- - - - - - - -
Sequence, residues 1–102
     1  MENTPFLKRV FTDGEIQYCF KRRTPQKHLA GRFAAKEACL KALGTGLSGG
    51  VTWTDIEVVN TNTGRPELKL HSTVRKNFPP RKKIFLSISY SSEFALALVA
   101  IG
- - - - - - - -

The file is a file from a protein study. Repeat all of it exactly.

Sequence, residues 1–102
     1  MENTPFLKRV FTDGEIQYCF KRRTPQKHLA GRFAAKEACL KALGTGLSGG
    51  VTWTDIEVVN TNTGRPELKL HSTVRKNFPP RKKIFLSISY SSEFALALVA
   101  IG